Schwann cells induce and guide sprouting and reinnervation of neuromuscular junctions

Trends Neurosci. 1996 Jul;19(7):280-5. doi: 10.1016/S0166-2236(96)10032-1.


The "terminal' Schwann cells that sit atop the neuromuscular junction sense neuromuscular transmission and respond to perturbations of this transmission by extending long processes. These processes have the ability to induce nerve growth and serve as substrates to guide this growth. These processes thus play major roles in muscle reinnervation and in sprouting. An absence of nerve sprouting is correlated with the apoptotic death of terminal Schwann cells at denervated endplates in neonatal muscles. Thus, Schwann cells appear to participate actively in the maintenance and repair of neuromuscular synapses.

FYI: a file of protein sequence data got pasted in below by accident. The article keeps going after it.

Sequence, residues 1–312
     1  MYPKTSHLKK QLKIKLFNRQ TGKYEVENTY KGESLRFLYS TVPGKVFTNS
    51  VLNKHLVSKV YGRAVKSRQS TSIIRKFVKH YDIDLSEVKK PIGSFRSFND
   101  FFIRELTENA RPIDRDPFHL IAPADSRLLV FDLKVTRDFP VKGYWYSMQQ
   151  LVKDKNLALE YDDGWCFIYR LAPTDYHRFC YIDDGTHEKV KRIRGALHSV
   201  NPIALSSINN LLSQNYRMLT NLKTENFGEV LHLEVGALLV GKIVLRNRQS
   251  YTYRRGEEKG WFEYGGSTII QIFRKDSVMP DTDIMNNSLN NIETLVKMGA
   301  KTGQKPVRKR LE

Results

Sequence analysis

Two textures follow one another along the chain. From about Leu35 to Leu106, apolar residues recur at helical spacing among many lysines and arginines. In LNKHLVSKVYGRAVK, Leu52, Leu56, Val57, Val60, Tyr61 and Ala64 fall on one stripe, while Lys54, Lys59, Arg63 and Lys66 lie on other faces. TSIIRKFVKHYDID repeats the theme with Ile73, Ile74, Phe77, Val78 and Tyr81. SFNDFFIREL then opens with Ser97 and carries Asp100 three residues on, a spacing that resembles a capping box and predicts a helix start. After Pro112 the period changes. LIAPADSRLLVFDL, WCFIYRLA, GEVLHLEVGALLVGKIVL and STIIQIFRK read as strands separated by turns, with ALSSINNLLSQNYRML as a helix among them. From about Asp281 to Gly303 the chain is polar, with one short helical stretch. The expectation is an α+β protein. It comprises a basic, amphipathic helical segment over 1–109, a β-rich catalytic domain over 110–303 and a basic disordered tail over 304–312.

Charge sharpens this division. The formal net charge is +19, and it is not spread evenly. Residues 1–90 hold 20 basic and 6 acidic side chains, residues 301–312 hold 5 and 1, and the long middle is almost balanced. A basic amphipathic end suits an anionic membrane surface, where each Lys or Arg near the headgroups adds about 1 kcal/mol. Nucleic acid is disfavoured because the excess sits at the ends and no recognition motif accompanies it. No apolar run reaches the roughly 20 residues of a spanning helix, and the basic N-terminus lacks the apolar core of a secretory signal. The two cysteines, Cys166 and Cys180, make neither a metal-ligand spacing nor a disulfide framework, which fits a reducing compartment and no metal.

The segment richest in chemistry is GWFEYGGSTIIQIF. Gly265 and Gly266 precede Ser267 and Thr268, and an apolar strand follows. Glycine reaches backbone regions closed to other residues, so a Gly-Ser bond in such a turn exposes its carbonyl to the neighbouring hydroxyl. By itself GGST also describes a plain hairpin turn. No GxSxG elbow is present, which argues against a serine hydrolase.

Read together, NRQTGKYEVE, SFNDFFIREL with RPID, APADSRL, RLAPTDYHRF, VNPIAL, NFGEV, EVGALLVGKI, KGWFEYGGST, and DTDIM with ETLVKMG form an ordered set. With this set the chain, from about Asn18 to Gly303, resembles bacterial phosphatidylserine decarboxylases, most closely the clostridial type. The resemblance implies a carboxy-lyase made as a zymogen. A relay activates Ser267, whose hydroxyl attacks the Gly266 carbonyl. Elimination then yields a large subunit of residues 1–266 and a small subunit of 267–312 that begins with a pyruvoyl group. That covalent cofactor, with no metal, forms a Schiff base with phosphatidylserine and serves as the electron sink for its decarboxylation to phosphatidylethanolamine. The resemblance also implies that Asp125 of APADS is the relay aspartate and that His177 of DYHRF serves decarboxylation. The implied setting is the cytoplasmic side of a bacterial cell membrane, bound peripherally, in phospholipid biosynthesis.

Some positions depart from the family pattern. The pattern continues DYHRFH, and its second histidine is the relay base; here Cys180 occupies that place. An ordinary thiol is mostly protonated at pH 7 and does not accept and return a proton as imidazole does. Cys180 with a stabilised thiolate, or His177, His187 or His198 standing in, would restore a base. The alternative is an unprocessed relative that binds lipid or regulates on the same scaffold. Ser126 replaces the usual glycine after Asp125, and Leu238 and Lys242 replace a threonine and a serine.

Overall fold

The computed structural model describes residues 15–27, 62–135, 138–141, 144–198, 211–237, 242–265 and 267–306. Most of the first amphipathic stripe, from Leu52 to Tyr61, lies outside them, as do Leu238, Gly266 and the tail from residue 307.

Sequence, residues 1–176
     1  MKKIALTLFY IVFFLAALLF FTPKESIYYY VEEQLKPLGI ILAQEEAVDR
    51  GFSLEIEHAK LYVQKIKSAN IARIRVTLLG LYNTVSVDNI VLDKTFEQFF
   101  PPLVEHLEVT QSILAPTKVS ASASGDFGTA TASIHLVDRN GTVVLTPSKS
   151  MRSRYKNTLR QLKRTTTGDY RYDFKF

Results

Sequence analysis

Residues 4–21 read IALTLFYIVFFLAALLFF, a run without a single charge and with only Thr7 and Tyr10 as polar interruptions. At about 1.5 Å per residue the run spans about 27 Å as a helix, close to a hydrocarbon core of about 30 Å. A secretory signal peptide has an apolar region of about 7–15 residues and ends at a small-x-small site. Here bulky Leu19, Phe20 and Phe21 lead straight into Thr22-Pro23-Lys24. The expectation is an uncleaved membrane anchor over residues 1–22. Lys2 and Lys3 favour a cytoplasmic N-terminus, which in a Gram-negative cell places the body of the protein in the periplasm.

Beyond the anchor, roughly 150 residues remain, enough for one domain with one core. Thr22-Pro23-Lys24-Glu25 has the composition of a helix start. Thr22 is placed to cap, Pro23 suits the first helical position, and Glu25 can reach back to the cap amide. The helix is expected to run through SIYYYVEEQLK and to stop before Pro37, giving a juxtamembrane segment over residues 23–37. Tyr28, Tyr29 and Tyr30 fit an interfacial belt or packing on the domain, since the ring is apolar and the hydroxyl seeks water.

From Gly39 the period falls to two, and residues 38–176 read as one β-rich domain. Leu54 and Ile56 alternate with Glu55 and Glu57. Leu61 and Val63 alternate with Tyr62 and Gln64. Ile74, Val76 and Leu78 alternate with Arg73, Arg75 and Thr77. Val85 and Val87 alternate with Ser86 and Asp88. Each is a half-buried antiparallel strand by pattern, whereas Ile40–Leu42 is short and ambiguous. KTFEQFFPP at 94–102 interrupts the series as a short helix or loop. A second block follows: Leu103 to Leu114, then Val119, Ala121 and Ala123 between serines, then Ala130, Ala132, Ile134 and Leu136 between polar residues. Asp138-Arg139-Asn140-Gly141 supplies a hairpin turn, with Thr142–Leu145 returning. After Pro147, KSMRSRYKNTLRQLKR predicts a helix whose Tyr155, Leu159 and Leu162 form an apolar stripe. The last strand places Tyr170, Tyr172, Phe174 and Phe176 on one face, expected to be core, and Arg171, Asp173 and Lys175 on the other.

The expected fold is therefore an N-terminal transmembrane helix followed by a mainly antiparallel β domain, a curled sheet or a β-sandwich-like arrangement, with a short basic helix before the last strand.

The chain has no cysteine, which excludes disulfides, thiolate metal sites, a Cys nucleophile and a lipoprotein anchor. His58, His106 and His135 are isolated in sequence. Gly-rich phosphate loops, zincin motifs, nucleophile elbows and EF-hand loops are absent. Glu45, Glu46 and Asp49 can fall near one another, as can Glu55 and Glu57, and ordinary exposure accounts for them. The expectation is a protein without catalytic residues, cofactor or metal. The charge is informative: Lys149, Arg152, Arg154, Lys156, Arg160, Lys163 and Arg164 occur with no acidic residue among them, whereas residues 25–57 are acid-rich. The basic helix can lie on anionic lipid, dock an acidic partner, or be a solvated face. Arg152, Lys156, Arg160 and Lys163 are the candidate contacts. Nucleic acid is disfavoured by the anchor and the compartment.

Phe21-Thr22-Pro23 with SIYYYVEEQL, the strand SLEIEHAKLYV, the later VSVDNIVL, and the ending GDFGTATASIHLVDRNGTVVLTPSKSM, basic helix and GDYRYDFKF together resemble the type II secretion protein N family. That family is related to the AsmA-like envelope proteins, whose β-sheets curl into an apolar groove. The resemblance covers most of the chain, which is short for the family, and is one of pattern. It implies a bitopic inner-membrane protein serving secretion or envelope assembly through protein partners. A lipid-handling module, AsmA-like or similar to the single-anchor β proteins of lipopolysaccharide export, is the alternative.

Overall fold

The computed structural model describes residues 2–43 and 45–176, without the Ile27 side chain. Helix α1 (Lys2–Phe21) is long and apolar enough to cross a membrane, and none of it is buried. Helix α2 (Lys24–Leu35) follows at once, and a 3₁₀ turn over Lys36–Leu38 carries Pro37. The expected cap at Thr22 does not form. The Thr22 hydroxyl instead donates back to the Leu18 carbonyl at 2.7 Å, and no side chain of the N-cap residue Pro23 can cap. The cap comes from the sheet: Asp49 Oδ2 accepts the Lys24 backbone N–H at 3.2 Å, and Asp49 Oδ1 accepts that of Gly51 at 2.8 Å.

Publication types

  • Review

MeSH terms

  • Cell Communication / physiology*
  • Cell Division / physiology
  • Denervation
  • Neurites / physiology*
  • Neuromuscular Junction / cytology*
  • Neuromuscular Junction / surgery
  • Neurons / cytology
  • Neurons / ultrastructure
  • Schwann Cells / physiology*